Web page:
5 Green Trends in Higher Education

By  |  0 Comments

Virtually every industry has made efforts to go green, but higher education has made some major changes to help reduce its carbon footprint and present a more environmentally sustainable model. As green issues such as pollution and climate change continue to make headlines, many higher education institutions to instill green values and habits into their students by encouraging green practices within their own schools.

Here are five recent green trends in higher education:

 

1. The Growth of Online Education

The last couple of years have seen skyrocketing participation in online education programs, especially for online bachelors degree programs. Thanks to their flexible schedules and low tuition rates, many students are turning away from the traditional brick and mortar school and opting for the online route instead. Online degree programs are great for the environment, as most online students study primarily from the comfort of their home, cutting out carbon emissions from commuting back and forth to and from class.

 

2. The iPad

The iPad has been hailed as a revolutionary education tool that can cut out the need for printing excessive amounts of paper required for note taking and textbooks. The new iBooks 2 even allows you to download textbooks directly onto your iPad, eliminating the need for paper-based textbooks all together! The move toward digital course materials has tremendous environmental implications, as each individual textbook produced requires processing a large amount of paper, each textbook delivered requires additional energy consumption for transportation, and each time the versions are updated requires the entire process to be completed again. Digital course materials can make a significant difference in reducing an institution’s carbon footprint.

 

3. The Popularity of Recycling

Recycling has become particularly popular and en vogue of late, especially on college campuses. Most schools and colleges have recycling bins placed throughout campus and many grade schools are educating their students about the importance of recycling. Teaching young generations the value of recycling will likely lead our future society to be much more environmentally responsible, as they’re more aware of the consequences of their actions.

 

4. Organized Carpools

Many schools and universities are setting up organized carpools as an incentive to cut back on gas emissions and pollution. These carpools usually work via a group of people sharing a ride to and from school each day, taking turns to drive their respective cars. Students also often get to enjoy the benefit of sharing gas fees as well – making carpooling a great strategy from both a green energy and economic standpoint.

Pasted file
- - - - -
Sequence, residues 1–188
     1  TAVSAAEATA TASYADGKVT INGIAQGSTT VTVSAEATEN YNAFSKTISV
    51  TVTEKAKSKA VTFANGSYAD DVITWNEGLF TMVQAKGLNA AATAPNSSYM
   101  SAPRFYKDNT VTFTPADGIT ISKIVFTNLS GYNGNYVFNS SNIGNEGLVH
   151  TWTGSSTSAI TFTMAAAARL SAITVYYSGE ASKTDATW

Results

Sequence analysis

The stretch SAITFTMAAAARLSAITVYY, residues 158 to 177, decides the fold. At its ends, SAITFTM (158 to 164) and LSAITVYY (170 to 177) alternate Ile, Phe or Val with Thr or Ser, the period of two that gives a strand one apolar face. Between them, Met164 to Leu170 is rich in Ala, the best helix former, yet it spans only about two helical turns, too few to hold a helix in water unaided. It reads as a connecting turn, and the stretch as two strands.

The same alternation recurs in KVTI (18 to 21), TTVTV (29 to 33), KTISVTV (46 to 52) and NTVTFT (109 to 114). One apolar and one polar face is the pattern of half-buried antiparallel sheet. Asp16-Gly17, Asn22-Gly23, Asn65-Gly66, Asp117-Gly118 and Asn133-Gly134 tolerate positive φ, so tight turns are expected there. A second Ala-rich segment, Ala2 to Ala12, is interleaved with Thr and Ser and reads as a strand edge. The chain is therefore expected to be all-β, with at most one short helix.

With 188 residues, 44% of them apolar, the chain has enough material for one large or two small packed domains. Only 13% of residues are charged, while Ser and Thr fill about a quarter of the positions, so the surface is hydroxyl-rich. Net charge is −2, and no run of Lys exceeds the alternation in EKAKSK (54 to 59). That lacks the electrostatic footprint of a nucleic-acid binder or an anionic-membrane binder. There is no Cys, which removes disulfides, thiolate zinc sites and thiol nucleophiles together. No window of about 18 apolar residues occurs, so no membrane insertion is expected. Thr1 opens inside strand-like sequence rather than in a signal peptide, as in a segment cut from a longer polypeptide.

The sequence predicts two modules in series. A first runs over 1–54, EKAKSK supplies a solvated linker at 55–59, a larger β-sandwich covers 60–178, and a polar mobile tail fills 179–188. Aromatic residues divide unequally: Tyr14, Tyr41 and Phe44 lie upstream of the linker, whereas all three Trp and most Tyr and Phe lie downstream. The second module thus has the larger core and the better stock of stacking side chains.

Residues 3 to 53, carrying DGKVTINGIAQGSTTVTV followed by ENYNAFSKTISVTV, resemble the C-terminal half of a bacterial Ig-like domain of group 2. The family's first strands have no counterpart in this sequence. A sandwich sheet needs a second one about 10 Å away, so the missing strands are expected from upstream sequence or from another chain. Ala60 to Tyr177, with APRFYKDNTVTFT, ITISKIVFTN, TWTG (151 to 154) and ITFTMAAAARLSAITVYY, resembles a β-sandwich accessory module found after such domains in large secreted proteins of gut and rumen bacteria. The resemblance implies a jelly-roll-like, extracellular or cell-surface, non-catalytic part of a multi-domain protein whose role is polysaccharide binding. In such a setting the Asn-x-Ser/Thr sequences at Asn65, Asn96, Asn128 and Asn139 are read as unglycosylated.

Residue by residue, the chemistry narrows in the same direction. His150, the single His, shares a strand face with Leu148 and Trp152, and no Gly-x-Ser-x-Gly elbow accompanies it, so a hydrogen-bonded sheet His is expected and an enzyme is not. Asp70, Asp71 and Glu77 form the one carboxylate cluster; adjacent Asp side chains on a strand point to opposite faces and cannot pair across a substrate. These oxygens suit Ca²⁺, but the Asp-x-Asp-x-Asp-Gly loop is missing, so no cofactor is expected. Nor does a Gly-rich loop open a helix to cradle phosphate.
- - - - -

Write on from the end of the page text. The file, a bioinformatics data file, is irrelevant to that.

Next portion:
5. Green Buildings

Many campuses around the county have retrofitted old buildings or constructed new buildings to make them as environmentally friendly as possible. Typical “green” elements of buildings include using recycled materials, utilizing solar energy and using various methods to improve water efficiency. These green measures help significantly reduce waste and energy and thus decrease the amount of pollution and general environmental damage large buildings can cause.

 

Some schools have their buildings officially “certified green” by government officials or environmental agencies as a way of proving their dedication to environmentally-driven causes, and measuring their effectiveness. The United States Government has even offered awards to the most green campuses and schools in America.

As you can see, the effort to go green has taken a firm hold over the American education system, and it shows no sign of slowing down. Hopefully, as more students become aware of the importance of valuing and protecting the environment, additional progress will be made along these lines.

Share this Article
Share on Facebook11Tweet about this on Twitter18Share on Google+4Share on LinkedIn3Pin on Pinterest0Share on StumbleUpon0Share on Reddit0Email this to someone

Greener Ideal is an independent environmental news and lifestyle publication that has been curating content since 2008 to further the green movement. The views expressed by contributing authors are their own and may not reflect those of Greener Ideal.